Tobago’s investment in education bearing fruit

Over the past 14 years, the level of tertiary education in Tobago has nearly doubled.

And according to Secretary of Finance and Enterprise Development Assemblyman Joel Jack, that increase shows that the Tobago House of Assembly’s (THA) investment in education of the island’s youth is paying off.

Jack was speaking in support of a motion on human capital development, moved by Education, Youth Affairs and Sport Secretary Assemblyman Huey Cadette at Thursday’s plenary sitting of the House of Assembly.

In the last 12 months, the THA, through its Department of Advance Training and Advisory Services (DATAS), has awarded 166 bursaries and grants to Tobagonians to pursue tertiary education at a cost of $5.6 million for a wide range of academic disciplines.

“In addition to this Mr Presiding Officer, DATAS provides financial assistance to 140 existing awardees at an annual cost of $2.3 million. This is just over 300 students who would have benefitted from direct assistance by the THA to pursue tertiary education and this is in addition to the scholarships the Assembly would have given out on an annual basis to students who have been successful  at the CAPE or “A” Level examinations,” Jack said.

“The latest data from the Central Statistical Office (CSO) suggests that in 2014, 13 per cent of Tobago’s labour force had achieved tertiary education. That figure stood at roughly seven per cent in 2001” Jack revealed.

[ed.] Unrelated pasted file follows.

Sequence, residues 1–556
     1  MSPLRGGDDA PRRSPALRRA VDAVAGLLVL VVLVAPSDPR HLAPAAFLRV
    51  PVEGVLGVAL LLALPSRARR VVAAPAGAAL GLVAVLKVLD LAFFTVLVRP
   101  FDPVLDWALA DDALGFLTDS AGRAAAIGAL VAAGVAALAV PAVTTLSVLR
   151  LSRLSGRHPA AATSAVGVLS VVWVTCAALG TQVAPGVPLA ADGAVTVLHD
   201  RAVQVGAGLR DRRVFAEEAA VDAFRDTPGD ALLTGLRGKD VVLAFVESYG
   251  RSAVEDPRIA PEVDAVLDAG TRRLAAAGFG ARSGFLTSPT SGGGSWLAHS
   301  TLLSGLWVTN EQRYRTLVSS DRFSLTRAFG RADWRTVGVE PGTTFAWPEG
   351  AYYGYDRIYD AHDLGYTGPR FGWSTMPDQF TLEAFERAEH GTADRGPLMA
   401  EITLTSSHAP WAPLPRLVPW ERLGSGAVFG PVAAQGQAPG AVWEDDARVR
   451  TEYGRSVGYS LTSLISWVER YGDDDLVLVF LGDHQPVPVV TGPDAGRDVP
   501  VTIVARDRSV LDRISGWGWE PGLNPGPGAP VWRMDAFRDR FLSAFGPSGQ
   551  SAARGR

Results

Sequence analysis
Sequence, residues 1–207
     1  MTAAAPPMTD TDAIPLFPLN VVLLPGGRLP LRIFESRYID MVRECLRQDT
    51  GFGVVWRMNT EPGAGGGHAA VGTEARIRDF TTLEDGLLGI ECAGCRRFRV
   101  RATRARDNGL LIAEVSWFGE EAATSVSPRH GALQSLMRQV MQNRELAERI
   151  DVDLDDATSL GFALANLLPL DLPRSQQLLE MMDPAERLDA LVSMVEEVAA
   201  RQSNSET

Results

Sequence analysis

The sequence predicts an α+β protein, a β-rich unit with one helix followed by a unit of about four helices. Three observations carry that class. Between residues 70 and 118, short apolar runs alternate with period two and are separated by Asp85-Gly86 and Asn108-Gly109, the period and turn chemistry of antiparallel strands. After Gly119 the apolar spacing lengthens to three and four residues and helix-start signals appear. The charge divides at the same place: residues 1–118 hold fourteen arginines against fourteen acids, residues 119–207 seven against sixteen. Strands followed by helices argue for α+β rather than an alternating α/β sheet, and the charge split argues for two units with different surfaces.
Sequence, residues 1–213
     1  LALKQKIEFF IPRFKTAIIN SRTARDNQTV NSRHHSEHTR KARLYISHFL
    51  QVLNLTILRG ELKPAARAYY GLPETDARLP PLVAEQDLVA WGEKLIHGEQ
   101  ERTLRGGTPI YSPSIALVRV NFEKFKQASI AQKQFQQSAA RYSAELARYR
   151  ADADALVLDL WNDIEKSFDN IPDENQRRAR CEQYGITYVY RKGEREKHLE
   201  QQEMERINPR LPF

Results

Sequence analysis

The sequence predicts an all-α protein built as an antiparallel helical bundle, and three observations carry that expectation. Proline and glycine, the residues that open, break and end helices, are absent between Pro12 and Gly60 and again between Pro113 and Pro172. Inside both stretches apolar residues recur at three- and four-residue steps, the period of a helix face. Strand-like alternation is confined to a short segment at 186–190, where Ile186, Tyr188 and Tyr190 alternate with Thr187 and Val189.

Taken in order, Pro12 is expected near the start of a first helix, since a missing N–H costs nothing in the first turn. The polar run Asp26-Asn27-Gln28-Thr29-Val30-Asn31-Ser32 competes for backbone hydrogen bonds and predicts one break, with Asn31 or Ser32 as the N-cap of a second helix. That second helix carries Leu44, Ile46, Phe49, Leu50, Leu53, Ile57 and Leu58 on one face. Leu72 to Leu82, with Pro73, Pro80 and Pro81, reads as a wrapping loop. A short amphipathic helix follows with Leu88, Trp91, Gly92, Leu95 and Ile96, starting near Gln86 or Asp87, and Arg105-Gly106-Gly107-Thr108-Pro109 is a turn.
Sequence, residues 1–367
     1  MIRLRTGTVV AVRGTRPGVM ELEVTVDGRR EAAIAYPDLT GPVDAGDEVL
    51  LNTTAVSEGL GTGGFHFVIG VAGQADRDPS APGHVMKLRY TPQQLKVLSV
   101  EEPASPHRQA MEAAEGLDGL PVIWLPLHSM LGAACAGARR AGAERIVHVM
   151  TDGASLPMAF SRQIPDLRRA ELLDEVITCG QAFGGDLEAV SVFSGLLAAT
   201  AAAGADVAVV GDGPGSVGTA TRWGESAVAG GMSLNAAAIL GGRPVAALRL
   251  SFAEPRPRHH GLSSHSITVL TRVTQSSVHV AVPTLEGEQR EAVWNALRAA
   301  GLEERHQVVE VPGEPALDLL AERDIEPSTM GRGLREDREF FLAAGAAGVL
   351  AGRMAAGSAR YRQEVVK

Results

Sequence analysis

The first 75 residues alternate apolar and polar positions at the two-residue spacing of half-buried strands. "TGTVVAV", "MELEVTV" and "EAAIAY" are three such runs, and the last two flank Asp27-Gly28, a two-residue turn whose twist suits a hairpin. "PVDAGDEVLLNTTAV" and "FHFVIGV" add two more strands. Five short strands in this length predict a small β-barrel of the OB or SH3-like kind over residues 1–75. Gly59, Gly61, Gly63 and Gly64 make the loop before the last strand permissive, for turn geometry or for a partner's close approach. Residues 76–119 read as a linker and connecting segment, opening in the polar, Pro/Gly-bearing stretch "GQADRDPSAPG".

“What this seems to suggest is that the investment by this administration into tertiary education is beginning to show fruit, and while I am heartened by the figures, we still have to do more,” he said.

“The Assembly, however, faces a “fundamental challenge” to its efforts due to a lack of budgetary support from the Central Government,” Jack added, saying that for the past ten years, the Assembly has received just one tenth of the funds requested towards human capital development.

The Assembly’s Youth Energised for Success (YES) programme, Jack stated has so far benefitted 900 young people. The programme, started by the Finance Division in 2012, helps Tobagonians ages 18 to 35 to find jobs and internship opportunities, and gain valuable work experience.

Participants of the programme have secured internships in both the public and private sectors, including First Citizens, The Unit Trust Corporation, Parliament and Petrotrin, among others. Annually, two banking and economics students from Tobago receive summer internships at the Central Bank, while another two are offered internships at the United Nations headquarters in New York.

Cadette said his Division is pleased with Tobago’s recent exam showings.

“In 2014 and 2015, we have seen tremendous improvement based on initiatives over the past ten years, bringing down the performance of SEA students achieving less than 30 per cent in the examination to under one per cent.”

Secretary of Community Development and Culture Councillor Denise Tsoiafatt-Angus said she is concerned that the Government continues to underfund Tobago in critical areas such as training and development of staff, as well as the island’s youth.

“Human capital development is a stimulus to economic development and requires creating and cultivating environments in which persons can rapidly learn and apply new ideas, competencies, skills, behaviours and attitudes,” she added.

She also feels the Ministry of Tobago Development has outlived its usefulness.

“It is clear that the Ministry has become idle and that is why mischief has become the order of the day over there. It is clear that the time has come for that Ministry to go as part of the constitutional changes to give Tobago its real autonomy,” Tsoiafatt-Angus said.

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